Low-resistivity pay (LRP) has been a challenging problem in formation evaluation for many years. This is because conventional petrophysical interpretations are unable to identify pay intervals in low-resistivity reservoirs. This paper lays out a robust workflow for identifying LRP in thinly laminated sands with silty and/or shaly layers. The workflow is essentially a two-step process which integrates data from gas while drilling (GWD), conventional logs and nuclear magnetic resonance (NMR) logs which identify potential pay intervals for further examination using wireline formation tester (WFT). This approach allows one not only to identify pay intervals but also their phase and their flow characteristics without the need of a conventional drill-stem-test (DST). It is common for LRP to have high water saturation (60-70%) computed by conventional petrophysical interpretation while producing sustained water-free oil for few years. A petrophysical study was undertaken to integrate core data analyses including conventional, NMR and mercury injection capillary pressure (MICP). Data from over 100 sidewall cores (SWC) were examined. This novel approach for estimating irreducible water saturation (Swi) was developed based on 1. A good relationship was recognized between Swi from capillary pressure data as compared to that estimated from NMR de-saturated core. 2. A correlation was established between Swi of de-saturated core and T2, LM. 3. A validation was performed for zones producing water-free oil to link between NMR-MICP core analysis and NMR logs, using the following two methods for estimating S wi from a. capillary pressure data that is computed with knowledge of the height above free water level (FWL), b. T2, LM of NMR logs using the correlation developed in Step 2. The benefits of this methodology are that it improves decision in well completion, predicts well performance accurately and reduces uncertainty in reserve estimation. In addition, it allows the user not only to identify zones of pay that would have been missed using conventional analysis, but also to estimate FWL elevations with higher accuracy from a saturation height model (SHM). Saturation profiles derived by this approach and those ones modeled from saturation height equations based on MICP capillary pressure data can be fitted better due to substantial reduction in uncertainties of log derived saturation data. Consequently the initialization of in-place volumes for hydrocarbons will be enhanced. Copyright 2011, Society of Petroleum Engineers.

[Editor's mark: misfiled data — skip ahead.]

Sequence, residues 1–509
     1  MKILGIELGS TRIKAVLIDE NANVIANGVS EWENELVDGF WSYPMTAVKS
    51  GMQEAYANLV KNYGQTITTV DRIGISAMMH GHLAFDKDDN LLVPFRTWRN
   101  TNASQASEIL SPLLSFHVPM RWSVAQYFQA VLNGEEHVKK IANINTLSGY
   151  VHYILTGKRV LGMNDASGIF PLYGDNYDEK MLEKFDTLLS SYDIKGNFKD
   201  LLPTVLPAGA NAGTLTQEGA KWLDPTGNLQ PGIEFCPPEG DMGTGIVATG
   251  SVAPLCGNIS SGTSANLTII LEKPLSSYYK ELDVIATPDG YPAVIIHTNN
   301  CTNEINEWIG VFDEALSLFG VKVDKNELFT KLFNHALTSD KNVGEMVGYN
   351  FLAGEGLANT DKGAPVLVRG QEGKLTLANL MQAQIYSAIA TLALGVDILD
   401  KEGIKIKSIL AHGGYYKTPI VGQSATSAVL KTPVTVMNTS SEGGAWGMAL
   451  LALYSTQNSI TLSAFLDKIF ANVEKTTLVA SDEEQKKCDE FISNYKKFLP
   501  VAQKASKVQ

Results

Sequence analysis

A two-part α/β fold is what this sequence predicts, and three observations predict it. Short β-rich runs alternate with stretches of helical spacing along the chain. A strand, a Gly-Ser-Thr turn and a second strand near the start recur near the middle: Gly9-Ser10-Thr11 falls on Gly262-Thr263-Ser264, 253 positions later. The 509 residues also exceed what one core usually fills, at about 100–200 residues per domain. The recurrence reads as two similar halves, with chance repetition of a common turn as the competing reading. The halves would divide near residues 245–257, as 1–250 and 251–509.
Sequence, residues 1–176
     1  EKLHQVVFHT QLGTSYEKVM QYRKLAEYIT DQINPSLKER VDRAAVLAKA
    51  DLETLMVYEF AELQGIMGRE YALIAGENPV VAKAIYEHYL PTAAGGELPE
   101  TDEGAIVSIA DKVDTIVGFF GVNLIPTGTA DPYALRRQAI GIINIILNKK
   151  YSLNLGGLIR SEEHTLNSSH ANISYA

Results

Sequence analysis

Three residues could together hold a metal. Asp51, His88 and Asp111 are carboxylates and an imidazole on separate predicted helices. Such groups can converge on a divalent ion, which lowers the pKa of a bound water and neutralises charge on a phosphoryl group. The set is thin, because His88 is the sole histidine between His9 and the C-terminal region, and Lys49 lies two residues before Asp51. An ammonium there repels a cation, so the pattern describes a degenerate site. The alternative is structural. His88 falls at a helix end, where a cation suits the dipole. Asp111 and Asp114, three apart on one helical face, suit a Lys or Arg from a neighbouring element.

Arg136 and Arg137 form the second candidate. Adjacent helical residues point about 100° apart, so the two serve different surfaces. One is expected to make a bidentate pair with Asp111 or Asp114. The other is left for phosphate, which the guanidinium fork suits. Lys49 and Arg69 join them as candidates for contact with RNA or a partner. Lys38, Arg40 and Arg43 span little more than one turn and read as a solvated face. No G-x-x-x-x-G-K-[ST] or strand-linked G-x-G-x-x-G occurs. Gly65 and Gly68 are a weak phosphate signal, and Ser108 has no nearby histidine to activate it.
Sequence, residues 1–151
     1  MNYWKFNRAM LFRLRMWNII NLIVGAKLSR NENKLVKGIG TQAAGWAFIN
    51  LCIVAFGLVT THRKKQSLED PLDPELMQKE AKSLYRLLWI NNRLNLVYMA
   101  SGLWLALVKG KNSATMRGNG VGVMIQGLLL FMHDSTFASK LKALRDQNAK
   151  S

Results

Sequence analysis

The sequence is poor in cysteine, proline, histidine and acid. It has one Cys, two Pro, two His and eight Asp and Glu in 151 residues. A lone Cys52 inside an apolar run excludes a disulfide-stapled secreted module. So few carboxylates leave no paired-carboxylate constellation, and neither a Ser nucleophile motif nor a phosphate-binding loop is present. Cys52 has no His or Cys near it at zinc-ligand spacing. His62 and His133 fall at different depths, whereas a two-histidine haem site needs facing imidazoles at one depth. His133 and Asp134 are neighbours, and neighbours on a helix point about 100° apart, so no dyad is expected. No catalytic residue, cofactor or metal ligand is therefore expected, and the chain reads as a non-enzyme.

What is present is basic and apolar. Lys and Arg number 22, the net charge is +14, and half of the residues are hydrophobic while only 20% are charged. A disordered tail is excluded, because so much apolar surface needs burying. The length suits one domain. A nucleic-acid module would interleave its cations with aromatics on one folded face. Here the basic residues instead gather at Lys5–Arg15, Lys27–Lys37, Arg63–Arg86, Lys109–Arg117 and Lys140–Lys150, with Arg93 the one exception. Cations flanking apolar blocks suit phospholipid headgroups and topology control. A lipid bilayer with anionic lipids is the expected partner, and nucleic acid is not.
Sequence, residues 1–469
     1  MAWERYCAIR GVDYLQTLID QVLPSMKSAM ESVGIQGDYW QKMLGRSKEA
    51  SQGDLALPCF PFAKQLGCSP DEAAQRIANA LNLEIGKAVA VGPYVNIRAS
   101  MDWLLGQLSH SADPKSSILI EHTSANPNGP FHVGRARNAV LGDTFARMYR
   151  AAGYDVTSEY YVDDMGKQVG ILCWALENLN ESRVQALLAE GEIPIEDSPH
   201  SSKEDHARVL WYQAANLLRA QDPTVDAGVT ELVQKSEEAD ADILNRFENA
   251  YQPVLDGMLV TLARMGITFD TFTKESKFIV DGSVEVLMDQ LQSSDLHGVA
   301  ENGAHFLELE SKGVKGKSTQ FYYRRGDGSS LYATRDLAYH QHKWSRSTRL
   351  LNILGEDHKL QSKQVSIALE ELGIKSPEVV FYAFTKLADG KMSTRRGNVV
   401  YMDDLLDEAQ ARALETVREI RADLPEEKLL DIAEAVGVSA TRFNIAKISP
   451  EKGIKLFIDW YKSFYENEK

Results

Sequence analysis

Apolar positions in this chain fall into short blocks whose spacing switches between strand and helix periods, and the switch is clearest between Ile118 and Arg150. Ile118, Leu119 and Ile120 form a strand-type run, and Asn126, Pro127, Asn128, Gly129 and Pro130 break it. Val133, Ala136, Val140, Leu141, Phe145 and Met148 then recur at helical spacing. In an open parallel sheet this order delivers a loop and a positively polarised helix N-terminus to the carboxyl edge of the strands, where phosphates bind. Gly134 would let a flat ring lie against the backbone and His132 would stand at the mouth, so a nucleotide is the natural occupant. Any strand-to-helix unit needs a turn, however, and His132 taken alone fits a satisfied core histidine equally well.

Hujer W.H.,OMV e and P |
Finkbeiner T.,OMV e and P |
Persaud M.,OMV e and P
EAGE Workshop on Geomechanics in the Oil and Gas Industry | Year: 2014
The results indicate that a strong correlation exists between Equotip Leeb hardness and UCS derived from scratch-test data for different lithologies. Tests on full cores also fit into the correlation. Larger variations in data range were encountered in coarse-grained sandstones, sandstones characterized by high amounts of clay minerals and fines as well as in lithologies that exhibit high rock strengths. Further in-house research is planned to find individual correlations or other testing devices for those lithologies. The results show that the Equotip can be used for estimating UCS from lithologies where representative plugging is not possible. The method is fast and equipment costs and logistics are low. Scratch tests derived UCS can be used for calibration. Estimating UCS from hardness testing cannot replace triaxial, hollow cylinder or scratch tests but can complement those tests, especially if data is needed urgently or other testing is not possible. Copyright © (2014) by the European Association of Geoscientists & Engineers All rights reserved.
Chu W.-C.,Pioneer Natural Resources Inc. |
Steckhan J.,OMV e and P
SPE Reservoir Evaluation and Engineering | Year: 2016
A robust work flow is established to identify low-resistivity pay (LRP) in thinly laminated sands with silty and/or shaly layers. The work flow integrates data from gas-while-drilling, conventional logging, and nuclear-magnetic-resonance (NMR) logging for picking intervals for further examination with a wireline formation tester (WFT). A mini-drill-stem test (DST) is performed by means of a WFT equipped with either a single probe (SP) or a dual packer (DP) to determine the fluid type and productivity of each individual level. Two field examples are presented to compare well performance predicted by the microscale mini-DSTs with macroscale production tests. In both cases, the traditional DST is eliminated from the drilling/completion program. The final verification consists of comparing contributions of individual levels derived from the mini-DSTs with production logs. In the first case, mini-DSTs are able to provide the fluid type and individual-level transmissibility (kh/l) for eight out of 13 distinct levels. A cost-effective approach of running mini-DSTs by means of a WFT equipped with a single probe is demonstrated to investigate multiple levels in the thin-hydrocarbon reservoir sequence. Guidelines are provided as to when a WFT with a DP is to be deployed to perform a mini-DST in a laminated formation. In the second case, the same work flow was applied to derive the fluid type and transmissibility for two wells consisting of more than 30 distinct levels in the same field. After integrating mini-DST results from the two wells 750m apart, a framework is constructed to establish both vertical and lateral heterogeneities of thinly laminated reservoirs. The integration helps visualize the multiple-layer reservoir. Our examples confirm that mini-DSTs effectively define individual- layer producibilities in multiple-layered reservoirs. The benefits are illustrated through case histories that demonstrate our ability to manage expectations of well performance in thin hydrocarbon- reservoir sequences. © Copyright 2016 Society of Petroleum Engineers.